Tom “Fuzza” Freese Named Pittsfield Citizen Of The Year 2009
“Fuzza” Freese has been named Pittsfield Citizen of the Year for
2009. “Fuzza” graduated from Pittsfield High School in 1967 and has run
a business in Town for many years. Your best picture of him is driving
that aqua and white vehicle, which could charitably be called an
antique, but is so loved.
Those nominating him cited many community-based projects he has
participated in. “Fuzza” is a member of the Historical Society and is
usually seen at Old Home Day and at the Balloon Rally with his tall
stovepipe hat fundraising for them. He is also seen at Lyman Park
planting flowers in the spring and raking it in the fall. For a couple
of years he was very busy in helping to bring the Sargent Forest trail
to fruition. At Christmas time, he aids in putting the lights on the
tree in the park. Simple enough to say, but oftentimes more difficult to
complete. He is known as the “cocoa man” at the Christmas Tree Lighting,
ladeling out hundreds of cups of that steaming drink and delivering them
to eager participants.
“Fuzza” is also known for his big heart. He has shown his love for
his fellow citizens by helping where he can without thought of how it
would disrupt his schedule or repayment. Another good person to
represent Pittsfield as its Citizen of the Year.
The Times They Are A’changing
by Elsie Morse
Many of you either read about or watched the news
last Thursday that the Eagle Times, based in Claremont, would stop their
presses with a final edition on Friday, July 10. More than 120 people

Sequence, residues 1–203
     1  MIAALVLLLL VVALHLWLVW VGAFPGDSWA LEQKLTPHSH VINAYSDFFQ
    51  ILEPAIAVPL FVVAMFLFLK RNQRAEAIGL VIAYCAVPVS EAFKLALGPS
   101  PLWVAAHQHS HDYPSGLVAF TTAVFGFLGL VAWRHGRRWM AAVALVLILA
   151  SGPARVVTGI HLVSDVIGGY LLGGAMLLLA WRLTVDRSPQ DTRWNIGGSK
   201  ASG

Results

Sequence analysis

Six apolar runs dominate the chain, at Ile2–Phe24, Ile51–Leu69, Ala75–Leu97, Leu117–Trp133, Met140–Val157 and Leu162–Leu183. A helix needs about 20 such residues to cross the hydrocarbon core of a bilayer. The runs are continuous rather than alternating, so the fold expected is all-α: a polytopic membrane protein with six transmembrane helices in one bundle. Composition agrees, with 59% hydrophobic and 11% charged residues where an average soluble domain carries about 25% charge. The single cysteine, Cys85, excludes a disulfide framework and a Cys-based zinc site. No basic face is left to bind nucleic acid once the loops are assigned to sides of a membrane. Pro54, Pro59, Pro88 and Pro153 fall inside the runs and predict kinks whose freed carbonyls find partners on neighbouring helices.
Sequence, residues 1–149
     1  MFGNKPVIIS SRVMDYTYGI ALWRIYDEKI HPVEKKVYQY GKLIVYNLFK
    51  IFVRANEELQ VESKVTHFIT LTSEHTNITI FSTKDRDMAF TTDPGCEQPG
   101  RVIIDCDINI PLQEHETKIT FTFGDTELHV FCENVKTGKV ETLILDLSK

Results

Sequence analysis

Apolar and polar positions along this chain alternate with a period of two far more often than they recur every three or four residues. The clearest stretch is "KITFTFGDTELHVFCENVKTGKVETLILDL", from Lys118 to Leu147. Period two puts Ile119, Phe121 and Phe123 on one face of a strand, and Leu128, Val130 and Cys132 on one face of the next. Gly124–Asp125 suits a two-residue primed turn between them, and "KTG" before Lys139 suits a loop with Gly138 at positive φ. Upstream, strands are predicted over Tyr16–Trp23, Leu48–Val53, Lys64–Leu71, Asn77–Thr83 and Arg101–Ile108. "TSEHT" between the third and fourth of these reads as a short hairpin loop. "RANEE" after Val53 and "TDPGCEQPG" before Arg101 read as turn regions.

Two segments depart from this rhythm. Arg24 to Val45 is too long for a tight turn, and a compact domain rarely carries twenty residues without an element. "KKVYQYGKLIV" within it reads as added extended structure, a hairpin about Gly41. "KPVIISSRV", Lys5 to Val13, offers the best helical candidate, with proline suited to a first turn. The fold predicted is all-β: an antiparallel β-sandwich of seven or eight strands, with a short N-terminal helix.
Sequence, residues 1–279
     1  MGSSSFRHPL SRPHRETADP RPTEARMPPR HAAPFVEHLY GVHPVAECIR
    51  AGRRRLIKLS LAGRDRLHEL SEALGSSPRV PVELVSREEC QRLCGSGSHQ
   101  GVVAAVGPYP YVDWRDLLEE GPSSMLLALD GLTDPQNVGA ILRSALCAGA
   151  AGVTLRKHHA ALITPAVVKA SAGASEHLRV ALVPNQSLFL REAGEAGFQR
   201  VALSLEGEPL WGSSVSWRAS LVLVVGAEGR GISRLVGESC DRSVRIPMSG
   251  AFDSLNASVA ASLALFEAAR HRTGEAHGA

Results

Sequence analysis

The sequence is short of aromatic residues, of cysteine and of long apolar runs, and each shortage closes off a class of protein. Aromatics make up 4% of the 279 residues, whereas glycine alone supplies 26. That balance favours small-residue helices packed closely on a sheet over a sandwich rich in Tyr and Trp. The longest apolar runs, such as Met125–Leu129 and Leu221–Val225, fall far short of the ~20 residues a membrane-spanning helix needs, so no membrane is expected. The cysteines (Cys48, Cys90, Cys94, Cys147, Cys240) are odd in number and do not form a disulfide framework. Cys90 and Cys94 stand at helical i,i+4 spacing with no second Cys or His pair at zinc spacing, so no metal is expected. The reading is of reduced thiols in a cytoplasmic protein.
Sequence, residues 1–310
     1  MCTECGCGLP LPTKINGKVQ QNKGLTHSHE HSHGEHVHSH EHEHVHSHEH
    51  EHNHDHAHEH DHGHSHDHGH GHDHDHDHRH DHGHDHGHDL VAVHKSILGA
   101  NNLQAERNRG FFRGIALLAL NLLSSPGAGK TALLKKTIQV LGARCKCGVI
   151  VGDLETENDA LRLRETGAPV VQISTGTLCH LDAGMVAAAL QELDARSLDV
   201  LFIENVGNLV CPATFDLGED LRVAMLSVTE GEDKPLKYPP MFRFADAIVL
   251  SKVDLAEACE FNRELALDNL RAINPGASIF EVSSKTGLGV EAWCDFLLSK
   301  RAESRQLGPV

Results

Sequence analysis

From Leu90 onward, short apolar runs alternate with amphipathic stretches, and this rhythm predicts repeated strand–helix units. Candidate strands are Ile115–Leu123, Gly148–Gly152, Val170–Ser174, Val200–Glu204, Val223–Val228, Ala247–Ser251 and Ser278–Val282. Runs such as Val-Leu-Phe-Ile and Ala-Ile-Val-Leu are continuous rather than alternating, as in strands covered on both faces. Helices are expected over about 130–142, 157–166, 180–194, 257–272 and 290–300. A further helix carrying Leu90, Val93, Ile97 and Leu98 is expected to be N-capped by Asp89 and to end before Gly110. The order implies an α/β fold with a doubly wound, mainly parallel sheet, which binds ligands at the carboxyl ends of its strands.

lost their jobs with little notice. People were standing around outside
the Times building that evening talking about a car payment to make,
cars to register, and mortgage payments due. Others were crying, saying
they didn’t know what they were going to do next. This closing made a
great impact, leaving the town without a newspaper. As terrible as this
was for Claremont, its impact was felt by other towns as well - towns
that used the Eagle Times to print their newspapers. One of those was
The Suncook Valley Sun.
A call to The Sun Office at 4:25 Thursday afternoon informed us we
had no printer for the July 15 paper. Needless to say, a flurry of
activity began to bring this issue to you. Negotiations began to find a
printer and once that was secured, Art and Ross Morse went to Claremont
to pick up the inserts that were delivered there and bring them back to
Pittsfield. This gave them a chance to say goodbye to inserters, press
men, plate makers and the others who had served The Sun for the more
than 25 years we had printed with the Times.
The Sun has a new look today to accommodate the printer who is
helping us get through this tough time. It is 13 inches long, not 16 and
it is being mailed flat not folded. The inserts are in the center fold.
The format is the same with the Town pages, Directory, and Classifieds.
The print is the same size and font. Paula will still take your calls.
Further changes may have to be made as we work our way through this, but
we are still here with no plans to close our doors. Unlike the Mayor and
residents of Claremont, who say they don’t know what they are going to
do without a newspaper, YOU have one. Thank you for the more than 50
years of support you have given us.